This is the sophomore opus for director Karyn Kusama. Her previous work being 2000ís Girlfight. That film not only had a real plot but it also brought Michelle Rodriguez to the publicís attention. Like her cast Kusama has talent as a director it is just this was not the best vehicle to showcase it. This film relies on style almost completely over substance. The pacing is uneven as if there was a battle in the editing room and action sequences where interjected to make up for any plot holes the audience may detect. If the viewers are about to be subjected to something that doesnít make sense bring out the spandex. Kusama seems to do better with a larger degree of control. She wrote and directed Girlfight and that was an excellent film. Here she has the arduous task of realizing a vision that is not hers and it shows.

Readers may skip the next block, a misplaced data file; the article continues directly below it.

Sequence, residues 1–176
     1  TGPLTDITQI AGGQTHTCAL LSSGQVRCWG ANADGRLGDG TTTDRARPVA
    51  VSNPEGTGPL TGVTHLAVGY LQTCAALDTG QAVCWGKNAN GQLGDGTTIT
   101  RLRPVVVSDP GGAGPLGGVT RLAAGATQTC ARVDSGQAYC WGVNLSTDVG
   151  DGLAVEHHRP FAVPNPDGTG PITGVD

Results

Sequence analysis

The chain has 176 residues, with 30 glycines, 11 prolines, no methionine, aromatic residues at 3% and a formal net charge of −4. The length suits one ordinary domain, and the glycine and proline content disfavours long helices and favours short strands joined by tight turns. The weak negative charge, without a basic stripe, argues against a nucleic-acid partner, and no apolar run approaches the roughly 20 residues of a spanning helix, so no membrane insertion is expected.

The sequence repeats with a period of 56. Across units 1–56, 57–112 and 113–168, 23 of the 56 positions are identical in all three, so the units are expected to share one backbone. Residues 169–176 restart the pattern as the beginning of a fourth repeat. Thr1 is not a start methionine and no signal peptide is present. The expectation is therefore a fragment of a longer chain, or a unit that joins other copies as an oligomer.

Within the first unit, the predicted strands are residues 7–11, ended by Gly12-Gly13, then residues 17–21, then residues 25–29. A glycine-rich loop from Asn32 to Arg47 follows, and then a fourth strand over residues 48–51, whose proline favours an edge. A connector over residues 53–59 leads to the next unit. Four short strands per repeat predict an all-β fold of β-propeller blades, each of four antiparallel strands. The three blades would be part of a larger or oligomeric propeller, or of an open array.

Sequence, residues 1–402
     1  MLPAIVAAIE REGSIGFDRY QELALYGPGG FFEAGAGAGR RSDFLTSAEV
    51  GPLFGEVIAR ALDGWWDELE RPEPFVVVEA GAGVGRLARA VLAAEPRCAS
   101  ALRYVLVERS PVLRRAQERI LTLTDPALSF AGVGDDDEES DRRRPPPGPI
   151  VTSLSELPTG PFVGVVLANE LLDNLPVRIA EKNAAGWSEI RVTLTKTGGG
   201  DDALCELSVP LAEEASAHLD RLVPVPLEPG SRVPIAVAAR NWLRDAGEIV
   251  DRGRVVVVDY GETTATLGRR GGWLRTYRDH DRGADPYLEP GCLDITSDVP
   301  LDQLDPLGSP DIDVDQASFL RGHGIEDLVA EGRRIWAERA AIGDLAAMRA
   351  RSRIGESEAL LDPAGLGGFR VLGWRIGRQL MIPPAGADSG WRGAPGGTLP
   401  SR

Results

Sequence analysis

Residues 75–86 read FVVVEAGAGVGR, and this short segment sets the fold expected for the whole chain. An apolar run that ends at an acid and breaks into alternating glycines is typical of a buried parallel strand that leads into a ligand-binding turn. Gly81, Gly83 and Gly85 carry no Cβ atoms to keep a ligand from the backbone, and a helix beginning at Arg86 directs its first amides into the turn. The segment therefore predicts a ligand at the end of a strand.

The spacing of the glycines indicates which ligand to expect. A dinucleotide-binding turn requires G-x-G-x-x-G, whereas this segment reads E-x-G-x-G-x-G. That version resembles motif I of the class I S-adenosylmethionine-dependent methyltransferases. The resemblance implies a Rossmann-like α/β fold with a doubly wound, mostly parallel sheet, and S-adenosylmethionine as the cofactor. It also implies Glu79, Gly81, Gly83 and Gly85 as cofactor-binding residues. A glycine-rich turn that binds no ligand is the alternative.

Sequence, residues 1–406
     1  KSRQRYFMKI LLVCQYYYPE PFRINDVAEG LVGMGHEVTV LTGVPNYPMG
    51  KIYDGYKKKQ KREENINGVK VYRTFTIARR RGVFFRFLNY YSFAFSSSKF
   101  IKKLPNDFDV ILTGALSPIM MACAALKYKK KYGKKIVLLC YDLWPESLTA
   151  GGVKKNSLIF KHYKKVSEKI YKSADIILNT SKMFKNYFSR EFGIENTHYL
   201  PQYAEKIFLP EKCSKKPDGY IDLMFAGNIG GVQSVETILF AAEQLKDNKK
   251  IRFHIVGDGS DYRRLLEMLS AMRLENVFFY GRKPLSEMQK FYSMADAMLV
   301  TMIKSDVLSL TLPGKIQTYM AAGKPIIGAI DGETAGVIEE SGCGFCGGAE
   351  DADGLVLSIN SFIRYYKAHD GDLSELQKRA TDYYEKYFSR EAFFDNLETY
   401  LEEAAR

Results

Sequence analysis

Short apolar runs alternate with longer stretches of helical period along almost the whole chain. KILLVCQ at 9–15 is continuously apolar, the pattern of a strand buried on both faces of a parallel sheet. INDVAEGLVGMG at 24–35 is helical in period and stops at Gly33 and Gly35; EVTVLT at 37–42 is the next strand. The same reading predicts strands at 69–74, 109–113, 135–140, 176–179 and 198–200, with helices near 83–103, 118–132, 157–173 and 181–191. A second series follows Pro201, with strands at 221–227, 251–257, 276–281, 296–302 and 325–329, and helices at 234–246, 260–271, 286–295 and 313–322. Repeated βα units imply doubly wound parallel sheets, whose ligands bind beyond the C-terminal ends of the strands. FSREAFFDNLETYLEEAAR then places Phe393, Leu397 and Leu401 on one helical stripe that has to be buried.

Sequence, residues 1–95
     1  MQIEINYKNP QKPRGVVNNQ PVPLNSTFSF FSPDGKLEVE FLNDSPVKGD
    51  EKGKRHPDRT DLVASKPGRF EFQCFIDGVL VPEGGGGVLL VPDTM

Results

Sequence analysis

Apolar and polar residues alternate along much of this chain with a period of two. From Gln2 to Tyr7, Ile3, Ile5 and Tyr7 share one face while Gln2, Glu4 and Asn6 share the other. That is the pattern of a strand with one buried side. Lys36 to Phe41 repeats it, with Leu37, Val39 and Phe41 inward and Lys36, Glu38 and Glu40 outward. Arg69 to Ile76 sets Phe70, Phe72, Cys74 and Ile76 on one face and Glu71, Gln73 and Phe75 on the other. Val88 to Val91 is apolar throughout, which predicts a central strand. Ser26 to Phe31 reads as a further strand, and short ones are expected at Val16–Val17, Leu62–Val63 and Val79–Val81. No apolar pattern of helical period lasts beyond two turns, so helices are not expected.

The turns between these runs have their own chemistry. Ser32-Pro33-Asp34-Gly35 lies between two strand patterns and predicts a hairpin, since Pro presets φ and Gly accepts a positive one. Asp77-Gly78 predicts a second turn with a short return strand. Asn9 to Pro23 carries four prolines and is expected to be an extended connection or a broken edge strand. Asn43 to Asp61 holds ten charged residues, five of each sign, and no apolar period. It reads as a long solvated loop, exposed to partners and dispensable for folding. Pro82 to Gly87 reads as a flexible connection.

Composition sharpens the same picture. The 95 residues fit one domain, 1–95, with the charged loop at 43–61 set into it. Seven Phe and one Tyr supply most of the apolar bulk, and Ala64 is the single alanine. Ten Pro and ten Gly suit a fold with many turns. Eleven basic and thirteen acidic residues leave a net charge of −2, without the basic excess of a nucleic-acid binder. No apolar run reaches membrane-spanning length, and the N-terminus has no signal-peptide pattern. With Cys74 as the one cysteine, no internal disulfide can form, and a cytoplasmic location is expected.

Paramount brings this film to DVD with more attention that it was given in its theatrical release. The Dolby 5.1 audio is excellent. The sub woofer is given a lot to do with the explosions and deep rumblings. The rear speakers provide nicely done special effects as well as a realistic ambience. The film is available in both full screen and widescreen. As with all films I have to recommend only the widescreen variation. The anamorphic video has better than average color balance and contrast. This could be a good beer and pizza flick for a rainy Saturday afternoon but you may want to get an extra case of the beer first.

Posted 4/11/06

Thanks to everyone visiting this site.

Send email to doug@hometheaterinfo.com with questions or comments about this web site.
Copyright © 1999-2014 Home Theater Info